What about industry? Energy for high-temperature processes will come from existing electric technologies: arc furnaces, induction furnaces, resistance furnaces, dielectric heaters, electron beam heaters, heat pumps, and CSP steam. No miracle is needed.
How about non-energy emissions? Steel and cement manufacturing emit process-CO2. Biomass burning emits CO2, black and brown carbon (second-leading cause of global warming) and more. Rice paddies, landfills and manure emit methane. Halogens, used as refrigerants and solvents, leak. Fertilizers emit nitrous oxide.
These all have current solutions. For steel, the hydrogen direct reduction process reduces CO2 during steel production by 97.2 percent. Replacing concrete with Ferrock eliminates process CO2 from concrete production. Recycling concrete helps further. Strong policies are needed to slow biomass burning. Collecting methane from rice paddies and landfills with pipes is an existing technology, as is the digester for trapping methane from manure. Policies to substitute less damaging halogens for more damaging ones and to strengthen seals to reduce halogen leaks have worked in the past. Using less nitrogen-based fertilizer and cultivating leguminous crops that don’t require fertilizers helps reduce nitrous oxide emissions. None of these techniques requires a miracle.
Some argue that we need to capture the chemically-produced CO2 from cement. Such CO2 represents only 1.4 percent of global warming, and some can be reduced using Ferrock and recycling cement. But why add carbon capture equipment to capture only CO2 from cement when this is an opportunity cost? The money for the capture equipment and its energy reduces more CO2 and simultaneously eliminates air pollution and mining if it is used instead to replace fossil fuel electricity or heat using WWS electricity. Further, it is more efficient to spend to reduce biomass burning, eliminating both CO2 and air pollution, or to increase reforestation, than to spend on carbon capture equipment, especially when captured carbon is used mostly to enhance oil extraction and create polluting synthetic fuels for burning.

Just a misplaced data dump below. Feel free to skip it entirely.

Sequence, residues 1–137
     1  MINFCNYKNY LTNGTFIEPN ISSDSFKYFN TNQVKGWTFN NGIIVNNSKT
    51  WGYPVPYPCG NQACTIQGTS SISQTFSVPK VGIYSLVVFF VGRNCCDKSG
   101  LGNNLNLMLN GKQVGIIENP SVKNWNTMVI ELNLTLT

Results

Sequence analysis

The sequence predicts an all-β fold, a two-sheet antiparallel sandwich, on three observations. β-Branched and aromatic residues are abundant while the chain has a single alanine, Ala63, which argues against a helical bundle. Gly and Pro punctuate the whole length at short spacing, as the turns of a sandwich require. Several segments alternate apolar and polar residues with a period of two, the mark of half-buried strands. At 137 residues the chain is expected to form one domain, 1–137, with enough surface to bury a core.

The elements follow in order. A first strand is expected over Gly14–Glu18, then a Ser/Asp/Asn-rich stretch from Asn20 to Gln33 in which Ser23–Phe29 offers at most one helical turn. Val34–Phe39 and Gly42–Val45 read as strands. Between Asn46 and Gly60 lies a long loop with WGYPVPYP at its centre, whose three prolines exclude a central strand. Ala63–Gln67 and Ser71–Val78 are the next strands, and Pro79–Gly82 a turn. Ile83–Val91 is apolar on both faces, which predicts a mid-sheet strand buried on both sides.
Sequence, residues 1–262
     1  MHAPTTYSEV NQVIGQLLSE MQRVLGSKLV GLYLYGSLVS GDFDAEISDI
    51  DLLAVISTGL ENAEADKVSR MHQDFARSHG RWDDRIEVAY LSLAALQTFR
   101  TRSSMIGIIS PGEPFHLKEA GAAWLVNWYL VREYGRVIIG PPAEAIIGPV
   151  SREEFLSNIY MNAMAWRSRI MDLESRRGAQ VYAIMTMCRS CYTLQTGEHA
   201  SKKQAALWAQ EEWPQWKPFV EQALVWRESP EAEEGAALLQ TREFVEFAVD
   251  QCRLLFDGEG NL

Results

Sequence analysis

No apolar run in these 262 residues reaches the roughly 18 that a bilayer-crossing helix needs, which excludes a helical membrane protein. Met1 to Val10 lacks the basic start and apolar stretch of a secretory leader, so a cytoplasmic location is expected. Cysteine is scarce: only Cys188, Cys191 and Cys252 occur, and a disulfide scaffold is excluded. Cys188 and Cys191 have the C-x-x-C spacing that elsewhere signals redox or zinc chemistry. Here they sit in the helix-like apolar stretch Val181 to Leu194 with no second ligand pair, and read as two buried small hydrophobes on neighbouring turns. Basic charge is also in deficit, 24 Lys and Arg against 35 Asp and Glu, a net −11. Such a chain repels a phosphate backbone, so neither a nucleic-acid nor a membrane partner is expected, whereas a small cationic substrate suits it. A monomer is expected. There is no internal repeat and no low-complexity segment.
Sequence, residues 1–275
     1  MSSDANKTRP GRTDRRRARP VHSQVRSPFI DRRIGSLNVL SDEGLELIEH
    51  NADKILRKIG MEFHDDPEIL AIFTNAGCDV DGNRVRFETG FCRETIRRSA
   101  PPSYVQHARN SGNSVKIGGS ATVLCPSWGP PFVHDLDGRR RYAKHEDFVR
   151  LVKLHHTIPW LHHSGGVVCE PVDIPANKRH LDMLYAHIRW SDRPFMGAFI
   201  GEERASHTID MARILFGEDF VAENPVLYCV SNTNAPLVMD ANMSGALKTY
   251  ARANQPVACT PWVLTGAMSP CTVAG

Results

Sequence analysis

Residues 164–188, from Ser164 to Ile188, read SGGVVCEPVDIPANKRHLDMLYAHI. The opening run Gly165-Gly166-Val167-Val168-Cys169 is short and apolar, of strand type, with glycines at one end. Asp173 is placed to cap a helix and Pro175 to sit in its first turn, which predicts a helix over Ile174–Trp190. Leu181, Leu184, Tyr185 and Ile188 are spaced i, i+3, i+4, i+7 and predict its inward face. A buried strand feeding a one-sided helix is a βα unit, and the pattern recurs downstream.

Some argue that we need direct air capture to reduce CO2 beyond those obtained from stopping emissions. However, we can obtain 350 ppm CO2 by stopping 80 percent emissions by 2030 and 100 percent by no later than 2050. Also, direct air capture is on opportunity cost, just like carbon capture so it is always better to spend on a different mitigation method.
In sum, we have 95 percent of the technologies we need today and the know-how to get the rest to address both energy and non-energy emissions. As such, no miracle technology, particularly carbon capture, direct air capture, modern bioenergy or modern nuclear power, is needed.
By implementing only clean, renewable WWS energy and storage and implementing non-energy strategies, we will address not only climate, but also the 7 million annual air pollution deaths worldwide and energy insecurity. None of the “miracle technologies” addresses all three.
We and 17 other research groups have shown that we can do it with renewables alone worldwide and in the 50 United States. Such a transition reduces energy costs, and land requirements while creating jobs. The key is to deploy, deploy, deploy existing clean, renewable, safe technologies as fast as possible.
Mark Z. Jacobson is a professor of civil and environmental engineering at Stanford University. He works on climate, air pollution and clean, renewable energy solutions to these problems. He is the author of 170 peer-reviewed scientific papers and five books, including “100% Clean, Renewable Energy and Storage for Everything.” Follow him on Twitter: @mzjacobson